While the RFS continues to cut a swath of destruction across our economy, it should make legislators pause before passing enormous farm bills that have an equally broad impact on markets, taxpayers, consumers, and the economy. This is a clear case of government failure and there is no reason to assume, based on past experience, that the House and Senate’s new “reforms’ will be any better. On the contrary, in the face of this sobering mess, things could get far worse.
Taxpayers can breathe a sigh of relief for today - if farm policy can be shelved until 2013, we might just get the time we need to enact the real, free-market reforms the agriculture sector so desperately needs. Of course, there’s still potential it might rear its ugly head during a lame duck session. Still, one thing is clear, whether the battle recommences one month or one year from now, it’s time to get government out of the tractor seat.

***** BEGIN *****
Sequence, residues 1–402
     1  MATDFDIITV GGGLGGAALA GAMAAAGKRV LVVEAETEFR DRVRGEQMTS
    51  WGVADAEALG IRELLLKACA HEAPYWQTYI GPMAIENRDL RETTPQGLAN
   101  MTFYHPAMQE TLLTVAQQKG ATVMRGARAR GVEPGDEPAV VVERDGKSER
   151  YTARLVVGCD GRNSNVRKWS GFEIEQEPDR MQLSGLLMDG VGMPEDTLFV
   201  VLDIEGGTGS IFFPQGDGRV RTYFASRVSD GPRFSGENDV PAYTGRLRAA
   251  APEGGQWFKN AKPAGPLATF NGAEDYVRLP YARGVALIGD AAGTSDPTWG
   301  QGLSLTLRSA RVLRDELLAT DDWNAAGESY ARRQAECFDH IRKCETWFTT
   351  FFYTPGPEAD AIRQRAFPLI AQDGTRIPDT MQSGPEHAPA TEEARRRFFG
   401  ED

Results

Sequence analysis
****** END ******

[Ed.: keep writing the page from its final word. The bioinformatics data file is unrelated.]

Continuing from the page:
Go here to tell your legislators to oppose the farm bill.
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The number “21” may be a lucky one when it comes to card games, but not when it comes to a shell game that Washington plays with its agriculture and nutrition policy - and guess who ultimately loses their money when the shells are shuffled?
A new report from U.S. Public Interest Research Group (USPIRG) has determined that between 1995 and 2011, taxpayers have provided $18.2 billion in subsidies toward the raw material for corn syrups, corn starch, and soy oils (aka hydrogenated vegetable oils) – all additives in a number of processed foods.